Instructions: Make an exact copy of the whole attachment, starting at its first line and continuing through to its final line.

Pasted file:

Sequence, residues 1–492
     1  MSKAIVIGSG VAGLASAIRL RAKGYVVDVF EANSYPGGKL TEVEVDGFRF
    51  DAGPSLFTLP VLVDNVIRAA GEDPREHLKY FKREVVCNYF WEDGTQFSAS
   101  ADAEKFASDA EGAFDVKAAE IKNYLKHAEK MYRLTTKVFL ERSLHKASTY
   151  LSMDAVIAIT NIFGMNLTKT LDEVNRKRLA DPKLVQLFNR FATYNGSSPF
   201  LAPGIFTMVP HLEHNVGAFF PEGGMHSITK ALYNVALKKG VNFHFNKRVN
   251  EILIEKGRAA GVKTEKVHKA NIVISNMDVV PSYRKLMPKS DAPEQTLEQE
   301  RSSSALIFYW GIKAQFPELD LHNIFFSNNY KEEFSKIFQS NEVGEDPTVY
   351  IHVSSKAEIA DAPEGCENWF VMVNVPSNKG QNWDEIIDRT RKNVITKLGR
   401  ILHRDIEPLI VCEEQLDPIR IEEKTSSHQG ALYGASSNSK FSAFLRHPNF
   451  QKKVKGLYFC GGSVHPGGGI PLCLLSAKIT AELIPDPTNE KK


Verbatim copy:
Sequence, residues 1–492
     1  MSKAIVIGSG VAGLASAIRL RAKGYVVDVF EANSYPGGKL TEVEVDGFRF
    51  DAGPSLFTLP VLVDNVIRAA GEDPREHLKY FKREVVCNYF WEDGTQFSAS
   101  ADAEKFASDA EGAFDVKAAE IKNYLKHAEK MYRLTTKVFL ERSLHKASTY
   151  LSMDAVIAIT NIFGMNLTKT LDEVNRKRLA DPKLVQLFNR FATYNGSSPF
   201  LAPGIFTMVP HLEHNVGAFF PEGGMHSITK ALYNVALKKG VNFHFNKRVN
   251  EILIEKGRAA GVKTEKVHKA NIVISNMDVV PSYRKLMPKS DAPEQTLEQE
   301  RSSSALIFYW GIKAQFPELD LHNIFFSNNY KEEFSKIFQS NEVGEDPTVY
   351  IHVSSKAEIA DAPEGCENWF VMVNVPSNKG QNWDEIIDRT RKNVITKLGR
   401  ILHRDIEPLI VCEEQLDPIR IEEKTSSHQG ALYGASSNSK FSAFLRHPNF
   451  QKKVKGLYFC GGSVHPGGGI PLCLLSAKIT AELIPDPTNE KK